I remember sitting like I am now, a few feet away from a monument, journal in hand. Then I was looking north, knowing that somewhere in the far distance lay that monument’s twin on the Canadian border. It was so far away. Now I am there and I look south and wonder how I ever arrived.
The journey feels distant and close at the same time. So distant, so close. I think about the airline losing my pack, the beauty of the Sierras, the heat of the desert. I think about lightning storms, dancing on volcanoes, and watching the sun set behind Rainier. The images come back rich and deep, but I know they are memories now. Flimsy things that fade to make room for the next.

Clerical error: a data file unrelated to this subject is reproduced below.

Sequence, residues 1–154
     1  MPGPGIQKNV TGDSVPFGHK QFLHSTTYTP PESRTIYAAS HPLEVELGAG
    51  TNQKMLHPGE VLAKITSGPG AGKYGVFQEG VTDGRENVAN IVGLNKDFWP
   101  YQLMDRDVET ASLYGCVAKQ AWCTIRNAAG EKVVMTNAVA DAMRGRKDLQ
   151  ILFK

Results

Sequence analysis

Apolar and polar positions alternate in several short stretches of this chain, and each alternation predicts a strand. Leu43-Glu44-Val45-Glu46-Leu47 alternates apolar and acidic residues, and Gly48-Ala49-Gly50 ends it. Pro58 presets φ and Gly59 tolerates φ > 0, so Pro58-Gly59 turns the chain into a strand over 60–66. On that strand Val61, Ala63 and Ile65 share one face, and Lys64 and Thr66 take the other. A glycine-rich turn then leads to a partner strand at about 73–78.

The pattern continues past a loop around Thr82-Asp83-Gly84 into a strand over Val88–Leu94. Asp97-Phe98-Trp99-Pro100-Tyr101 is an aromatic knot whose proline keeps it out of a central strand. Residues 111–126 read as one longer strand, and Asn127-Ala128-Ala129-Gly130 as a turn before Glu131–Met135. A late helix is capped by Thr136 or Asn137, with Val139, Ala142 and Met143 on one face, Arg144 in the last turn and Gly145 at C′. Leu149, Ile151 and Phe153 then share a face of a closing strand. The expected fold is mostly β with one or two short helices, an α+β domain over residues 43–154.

I don’t want them to fade. I’ve lived a thousand adventures on this journey. I can tell a thousand stories that no one would believe. But I want more.
Now it is all over.
This is a beautiful spot, the monument. A line of cleared timber and little silver obelisk with the number 78 on it mark the border. The place is filled with dreams. We have to fold them away and leave them behind. It hurts badly, so very badly. It hurts the way it should hurt. The pain lets me know the beauty. The trail is over. I cannot believe it, but the trail is over and it hurts.